In the crystal structure of the title salt, C(5)H(6)ClN(2) (+)·C(7)H(5)O(3) (-), the protonated N atom and the 2-amino group of the cation are hydrogen bonded to the carboxyl-ate O atoms via a pair of N-H⋯O hydrogen bonds, forming R(2) (2)(8) ring motifs. These motifs are centrosymmetrically paired via N-H⋯O hydrogen bonds, forming a complementary donor-donor-acceptor-acceptor (DDAA) array. A typical intra-molecular O-H⋯O hydrogen bond is also observed in the salicylate anion. The crystal structure is further stabilized by weak C-H⋯π inter-actions.

  1. Branched-chain amino acid ratios in low-protein diets regulate the free amino acid profile and the expression of hepatic fatty acid metabolism-related genes in growing pigs.

    PubMed

    Duan, Y H; Li, F N; Wen, C Y; Wang, W L; Guo, Q P; Li, Y H; Yin, Y L

    2017-03-06

    Liver metabolism is affected by nutrients. The aim of this study was to explore the effects of low-protein diets (17% crude protein, CP) supplemented with branched-chain amino acids (BCAAs), including leucine (Leu), isoleucine (Ile) and valine (Val), on hepatic amino acid profile and lipid metabolism in growing pigs. The ratio of Leu : Ile : Val in all groups was 1 : 0.51 : 0.63 (20% crude protein, CP), 1 : 1 : 1 (17% CP), 1 : 0.75 : 0.75 (17% CP), 1 : 0.51 : 0.63 (17% CP) and 1 : 0.25 : 0.25 (17% CP) respectively. Results revealed that compared to the positive control group (1 : 0.51 : 0.63, 20% CP), the low-protein diets significantly augmented the concentrations of most essential amino acids and non-essential amino acids (p < .05), with the greatest values observed in the 1 : 0.25 : 0.25 group. Moreover, relative to the control, the low-protein diets with the Leu : Ile : Val ratio ranging from 1 : 0.75 : 0.75 to 1 : 0.25 : 0.25 markedly downregulated the mRNA abundance of acetyl-CoA carboxylase (ACC), lipoprotein lipase (LPL) and fatty acid-binding protein 4 (FABP-4) (p < .05), and upregulated the mRNA expression of hormone-sensitive lipase (HSL), peroxisome proliferator-activated receptor-g coactivator-1α (PGC-1α), uncoupling protein 3 (UCP3) and liver carnitine palmitoyltransferase 1 (L-CPT-1) (p < .05). Therefore, our data suggest that protein-restricted diets supplemented with optimal BCAA ratio, that is, 1 : 0.75 : 0.75-1 : 0.25 : 0.25, induce a shift from fatty acid synthesis to fatty acid oxidation in the liver of growing pigs. These effects may be associated with increased mitochondrial biogenesis.

  2. Models of molecular clouds and the abundances of H2CO and HCO/+/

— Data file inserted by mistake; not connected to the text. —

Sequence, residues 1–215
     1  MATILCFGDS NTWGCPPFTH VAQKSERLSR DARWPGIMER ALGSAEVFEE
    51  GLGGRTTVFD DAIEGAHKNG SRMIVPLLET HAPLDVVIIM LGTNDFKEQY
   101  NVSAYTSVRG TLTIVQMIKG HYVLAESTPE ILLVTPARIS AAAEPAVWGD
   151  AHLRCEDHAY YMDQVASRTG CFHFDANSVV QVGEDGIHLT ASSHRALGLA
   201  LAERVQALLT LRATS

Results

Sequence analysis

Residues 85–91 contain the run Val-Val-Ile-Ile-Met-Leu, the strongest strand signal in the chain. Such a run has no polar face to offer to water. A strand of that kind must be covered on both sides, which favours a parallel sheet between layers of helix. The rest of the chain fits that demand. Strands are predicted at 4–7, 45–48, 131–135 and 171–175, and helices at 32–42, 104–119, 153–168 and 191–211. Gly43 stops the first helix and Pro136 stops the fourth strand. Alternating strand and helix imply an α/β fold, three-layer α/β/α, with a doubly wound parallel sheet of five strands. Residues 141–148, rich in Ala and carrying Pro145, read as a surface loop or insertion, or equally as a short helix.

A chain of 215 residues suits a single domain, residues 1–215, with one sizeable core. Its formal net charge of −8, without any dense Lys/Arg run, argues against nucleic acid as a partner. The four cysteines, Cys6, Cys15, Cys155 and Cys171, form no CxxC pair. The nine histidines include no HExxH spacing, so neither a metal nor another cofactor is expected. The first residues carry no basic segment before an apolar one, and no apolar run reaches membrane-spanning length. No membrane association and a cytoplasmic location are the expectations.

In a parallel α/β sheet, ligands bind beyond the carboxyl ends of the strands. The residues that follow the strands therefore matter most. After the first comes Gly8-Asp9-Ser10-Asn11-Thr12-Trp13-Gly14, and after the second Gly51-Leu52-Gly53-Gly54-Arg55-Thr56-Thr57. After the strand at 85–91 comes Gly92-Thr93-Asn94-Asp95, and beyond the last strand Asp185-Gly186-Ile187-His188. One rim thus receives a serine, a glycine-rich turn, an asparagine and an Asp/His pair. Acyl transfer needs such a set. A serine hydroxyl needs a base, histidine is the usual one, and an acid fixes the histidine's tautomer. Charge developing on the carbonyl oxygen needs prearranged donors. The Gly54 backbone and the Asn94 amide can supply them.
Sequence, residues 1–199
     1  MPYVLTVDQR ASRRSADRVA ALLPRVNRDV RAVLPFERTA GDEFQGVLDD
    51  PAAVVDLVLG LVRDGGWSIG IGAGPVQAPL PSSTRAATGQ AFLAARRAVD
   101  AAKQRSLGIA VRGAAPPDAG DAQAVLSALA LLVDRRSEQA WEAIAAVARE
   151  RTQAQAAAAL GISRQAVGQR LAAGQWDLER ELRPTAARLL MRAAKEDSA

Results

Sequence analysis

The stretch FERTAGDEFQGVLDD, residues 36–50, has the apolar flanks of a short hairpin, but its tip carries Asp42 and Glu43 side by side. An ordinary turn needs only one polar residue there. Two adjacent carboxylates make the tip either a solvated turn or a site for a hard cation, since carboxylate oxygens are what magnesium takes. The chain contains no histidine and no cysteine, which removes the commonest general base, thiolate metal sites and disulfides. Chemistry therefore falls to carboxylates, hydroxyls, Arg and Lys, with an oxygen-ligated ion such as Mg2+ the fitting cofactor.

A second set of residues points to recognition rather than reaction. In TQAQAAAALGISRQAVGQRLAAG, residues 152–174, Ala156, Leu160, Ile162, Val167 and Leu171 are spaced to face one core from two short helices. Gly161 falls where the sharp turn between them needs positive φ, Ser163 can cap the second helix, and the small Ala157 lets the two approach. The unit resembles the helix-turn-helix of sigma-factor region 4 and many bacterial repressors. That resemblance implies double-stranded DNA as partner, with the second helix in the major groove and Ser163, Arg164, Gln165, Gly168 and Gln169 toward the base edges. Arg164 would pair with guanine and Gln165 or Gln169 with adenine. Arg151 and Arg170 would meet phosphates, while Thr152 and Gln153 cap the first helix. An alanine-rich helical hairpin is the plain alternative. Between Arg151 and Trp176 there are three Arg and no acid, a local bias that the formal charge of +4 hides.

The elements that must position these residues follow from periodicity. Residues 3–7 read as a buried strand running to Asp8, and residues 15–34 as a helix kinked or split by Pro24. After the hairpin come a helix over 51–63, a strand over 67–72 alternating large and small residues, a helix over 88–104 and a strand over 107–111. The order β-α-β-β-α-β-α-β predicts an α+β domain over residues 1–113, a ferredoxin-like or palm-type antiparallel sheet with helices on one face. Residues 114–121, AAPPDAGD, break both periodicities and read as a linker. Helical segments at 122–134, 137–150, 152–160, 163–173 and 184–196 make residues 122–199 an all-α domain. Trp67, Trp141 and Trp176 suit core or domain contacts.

NASA Technical Reports Server (NTRS)

    Wootten, A.; Snell, R.; Evans, N. J., II

    1980-01-01

    Observations of HCO(+) and H2CO in a sample of 13 molecular clouds have been analyzed by construction of uniform, spherical cloud models. The total densities and the abundance of HCO(+) and H2CO relative to H2 which result from these models fall into two domains: one group of clouds has a low temperature, moderate density, and high abundances; the other group has higher temperature and density, but lower abundances. The factor distinguishing these groups may be depletion onto grains in the denser sources.

  3. Conformational Entropy of Intrinsically Disordered Proteins from Amino Acid Triads

    PubMed Central

    Baruah, Anupaul; Rani, Pooja; Biswas, Parbati

    2015-01-01

    This work quantitatively characterizes intrinsic disorder in proteins in terms of sequence composition and backbone conformational entropy. Analysis of the normalized relative composition of the amino acid triads highlights a distinct boundary between globular and disordered proteins. The conformational entropy is calculated from the dihedral angles of the middle amino acid in the amino acid triad for the conformational ensemble of the globular, partially and completely disordered proteins relative to the non-redundant database. Both Monte Carlo (MC) and Molecular Dynamics (MD) simulations are used to characterize the conformational ensemble of the representative proteins of each group. The results show that the globular proteins span approximately half of the allowed conformational states in the Ramachandran space, while the amino acid triads in disordered proteins sample the entire range of the allowed dihedral angle space following Flory’s isolated-pair hypothesis. Therefore, only the sequence information in terms of the relative amino acid triad composition may be sufficient to predict protein disorder and the backbone conformational entropy, even in the absence of well-defined structure. The predicted entropies are found to agree with those calculated using mutual information expansion and the histogram method. PMID:26138206

  4. Plant amino acid-derived vitamins: biosynthesis and function.

    PubMed

    Miret, Javier A; Munné-Bosch, Sergi

    2014-04-01